However, it was not until the post-war years that the full scale of the inventiveness of this highly original designer became evident. In 1951, he totally transformed the silhouette, broadening the shoulders and removing the waist. In 1955, he designed the tunic dress, which later developed into the chemise dress of 1957. And eventually, in 1959, his work culminated in the Empire line, with high-waisted dresses and coats cut like kimonos.

In 1960 he made the wedding dress for Fabiola de Mora y Aragón when she married king Baudouin I of Belgium. The Queen later donated her wedding dress to the Cristóbal Balenciaga Foundation.

His often spare, sculptural creations were considered masterworks of haute couture in the 1950s and 1960s.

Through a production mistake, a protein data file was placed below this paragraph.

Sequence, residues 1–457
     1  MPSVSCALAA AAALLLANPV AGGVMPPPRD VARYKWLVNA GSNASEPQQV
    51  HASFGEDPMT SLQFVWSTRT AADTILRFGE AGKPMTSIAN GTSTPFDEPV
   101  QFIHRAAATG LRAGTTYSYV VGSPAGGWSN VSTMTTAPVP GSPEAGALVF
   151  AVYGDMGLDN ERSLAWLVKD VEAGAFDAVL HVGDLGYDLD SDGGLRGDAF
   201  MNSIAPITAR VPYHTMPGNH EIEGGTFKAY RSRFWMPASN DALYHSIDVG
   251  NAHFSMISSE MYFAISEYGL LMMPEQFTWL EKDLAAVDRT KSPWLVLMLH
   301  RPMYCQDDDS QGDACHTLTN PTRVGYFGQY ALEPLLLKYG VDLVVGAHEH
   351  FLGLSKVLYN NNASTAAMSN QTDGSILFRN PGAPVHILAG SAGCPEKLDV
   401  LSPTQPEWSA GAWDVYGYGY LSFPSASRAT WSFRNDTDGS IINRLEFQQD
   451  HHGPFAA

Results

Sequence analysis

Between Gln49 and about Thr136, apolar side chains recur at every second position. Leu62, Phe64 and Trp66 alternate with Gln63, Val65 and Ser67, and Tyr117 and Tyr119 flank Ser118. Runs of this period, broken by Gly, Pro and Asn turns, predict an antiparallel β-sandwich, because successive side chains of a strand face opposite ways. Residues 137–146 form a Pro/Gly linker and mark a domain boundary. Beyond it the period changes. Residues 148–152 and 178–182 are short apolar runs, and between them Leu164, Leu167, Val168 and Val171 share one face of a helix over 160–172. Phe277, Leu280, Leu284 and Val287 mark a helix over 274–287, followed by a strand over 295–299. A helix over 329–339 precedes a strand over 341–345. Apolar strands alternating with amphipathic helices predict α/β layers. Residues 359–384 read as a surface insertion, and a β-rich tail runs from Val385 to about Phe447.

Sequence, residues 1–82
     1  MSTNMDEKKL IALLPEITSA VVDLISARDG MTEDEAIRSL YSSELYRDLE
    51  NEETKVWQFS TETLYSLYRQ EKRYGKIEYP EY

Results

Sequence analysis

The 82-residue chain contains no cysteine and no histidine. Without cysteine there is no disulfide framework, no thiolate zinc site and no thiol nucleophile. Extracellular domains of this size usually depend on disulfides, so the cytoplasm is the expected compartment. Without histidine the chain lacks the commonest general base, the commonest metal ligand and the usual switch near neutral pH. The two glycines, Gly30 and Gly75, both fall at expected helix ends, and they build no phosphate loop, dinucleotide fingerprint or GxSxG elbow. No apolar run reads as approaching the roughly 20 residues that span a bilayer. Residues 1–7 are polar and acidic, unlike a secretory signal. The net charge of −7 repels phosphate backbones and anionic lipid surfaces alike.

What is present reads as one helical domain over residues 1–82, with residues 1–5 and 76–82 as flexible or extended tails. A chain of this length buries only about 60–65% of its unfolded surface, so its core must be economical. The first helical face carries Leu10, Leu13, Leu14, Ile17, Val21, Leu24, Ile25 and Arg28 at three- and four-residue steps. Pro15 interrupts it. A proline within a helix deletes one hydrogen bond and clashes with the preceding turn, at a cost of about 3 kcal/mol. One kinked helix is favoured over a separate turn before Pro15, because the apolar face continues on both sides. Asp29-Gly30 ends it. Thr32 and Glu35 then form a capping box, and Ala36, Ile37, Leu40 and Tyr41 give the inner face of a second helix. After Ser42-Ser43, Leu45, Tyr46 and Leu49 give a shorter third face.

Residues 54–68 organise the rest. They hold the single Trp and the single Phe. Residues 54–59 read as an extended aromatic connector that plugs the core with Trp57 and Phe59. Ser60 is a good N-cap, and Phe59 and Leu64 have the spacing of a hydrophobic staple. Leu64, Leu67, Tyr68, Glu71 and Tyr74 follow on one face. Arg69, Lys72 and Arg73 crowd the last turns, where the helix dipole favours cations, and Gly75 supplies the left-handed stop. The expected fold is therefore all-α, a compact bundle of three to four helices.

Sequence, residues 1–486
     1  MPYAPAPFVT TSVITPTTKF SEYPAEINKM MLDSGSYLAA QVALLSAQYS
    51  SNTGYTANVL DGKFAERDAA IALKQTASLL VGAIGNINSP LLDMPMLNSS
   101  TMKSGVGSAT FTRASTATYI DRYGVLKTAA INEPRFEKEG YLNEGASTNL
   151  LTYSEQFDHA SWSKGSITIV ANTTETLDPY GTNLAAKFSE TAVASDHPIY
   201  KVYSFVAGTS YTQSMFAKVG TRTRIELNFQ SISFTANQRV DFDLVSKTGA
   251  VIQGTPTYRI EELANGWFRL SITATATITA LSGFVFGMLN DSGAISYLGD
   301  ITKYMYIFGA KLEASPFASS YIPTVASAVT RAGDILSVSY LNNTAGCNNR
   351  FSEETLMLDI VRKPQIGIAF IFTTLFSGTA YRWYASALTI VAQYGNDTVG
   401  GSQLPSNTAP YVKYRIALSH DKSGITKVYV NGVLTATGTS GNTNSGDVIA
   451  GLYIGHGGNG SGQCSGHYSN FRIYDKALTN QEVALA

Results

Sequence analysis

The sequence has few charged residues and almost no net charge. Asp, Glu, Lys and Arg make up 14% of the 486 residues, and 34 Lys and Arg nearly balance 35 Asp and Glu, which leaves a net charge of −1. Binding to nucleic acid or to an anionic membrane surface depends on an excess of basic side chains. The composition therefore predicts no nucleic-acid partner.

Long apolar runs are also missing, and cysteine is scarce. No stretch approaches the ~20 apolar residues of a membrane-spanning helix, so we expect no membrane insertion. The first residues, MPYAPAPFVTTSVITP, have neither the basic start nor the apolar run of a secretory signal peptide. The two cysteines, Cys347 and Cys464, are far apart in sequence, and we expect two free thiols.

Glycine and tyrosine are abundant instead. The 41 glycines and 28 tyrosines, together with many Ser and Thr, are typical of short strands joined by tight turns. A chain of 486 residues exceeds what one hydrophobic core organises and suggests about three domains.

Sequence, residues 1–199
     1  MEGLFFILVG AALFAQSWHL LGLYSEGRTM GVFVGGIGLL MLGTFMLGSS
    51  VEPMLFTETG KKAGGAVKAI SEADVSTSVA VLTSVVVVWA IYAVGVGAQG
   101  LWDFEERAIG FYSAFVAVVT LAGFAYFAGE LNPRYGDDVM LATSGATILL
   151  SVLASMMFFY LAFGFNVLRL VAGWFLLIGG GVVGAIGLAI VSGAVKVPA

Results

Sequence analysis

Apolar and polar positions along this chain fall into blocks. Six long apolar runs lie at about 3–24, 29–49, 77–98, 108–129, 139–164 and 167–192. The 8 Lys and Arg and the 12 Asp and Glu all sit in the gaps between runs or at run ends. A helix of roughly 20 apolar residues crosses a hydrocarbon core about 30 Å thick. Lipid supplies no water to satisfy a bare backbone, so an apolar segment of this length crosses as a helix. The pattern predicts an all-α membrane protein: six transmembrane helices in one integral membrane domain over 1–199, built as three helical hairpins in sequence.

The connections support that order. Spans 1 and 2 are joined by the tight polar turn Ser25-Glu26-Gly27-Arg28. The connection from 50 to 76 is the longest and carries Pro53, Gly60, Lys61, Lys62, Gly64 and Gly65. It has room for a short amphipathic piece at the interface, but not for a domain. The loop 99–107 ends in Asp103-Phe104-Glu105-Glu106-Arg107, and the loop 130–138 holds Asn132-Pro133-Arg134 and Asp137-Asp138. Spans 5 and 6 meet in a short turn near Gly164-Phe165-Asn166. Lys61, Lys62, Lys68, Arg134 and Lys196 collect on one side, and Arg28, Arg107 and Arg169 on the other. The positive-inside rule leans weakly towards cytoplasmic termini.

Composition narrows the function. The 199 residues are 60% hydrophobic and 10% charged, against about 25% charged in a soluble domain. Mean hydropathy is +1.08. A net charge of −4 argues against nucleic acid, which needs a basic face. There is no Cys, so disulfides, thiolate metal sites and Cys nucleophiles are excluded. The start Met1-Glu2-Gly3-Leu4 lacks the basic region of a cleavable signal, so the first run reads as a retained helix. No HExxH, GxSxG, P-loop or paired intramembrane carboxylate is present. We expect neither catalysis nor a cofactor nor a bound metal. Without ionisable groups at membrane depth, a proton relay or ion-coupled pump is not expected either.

Balenciaga closed his house in 1968 at the age of 74 after working in Paris for 30 years. He decided to retire and closed his fashion houses in Paris, Barcelona and Madrid, one after the other. Balenciaga died March 23, 1972 in Xàbia, Spain.

He taught fashion design classes, inspiring other designers such as Oscar de la Renta, André Courrèges, Emanuel Ungaro, Mila Schön and Hubert de Givenchy. Today the Balenciaga fashion house continues under the direction of Alexander Wang and under the ownership of the Gucci Group.[5]

On 24 March 2011 at San Francisco’s M.H. de Young Museum they celebrated the opening of “Balenciaga and Spain,” a 120-piece fashion retrospective of Cristóbal Balenciaga’s career. “You can’t even measure it,” said Rodarte designer Laura Mulleavy of Balenciaga’s influence. The $2,500-a-ticket fund-raiser for the museum drew 350 guests, including Marissa Mayer, Jamie Tisch, Gwyneth Paltrow, Orlando Bloom, Balthazar Getty, Maggie Rizer, Connie Nielsen, Maria Bello and Mia Wasikowska.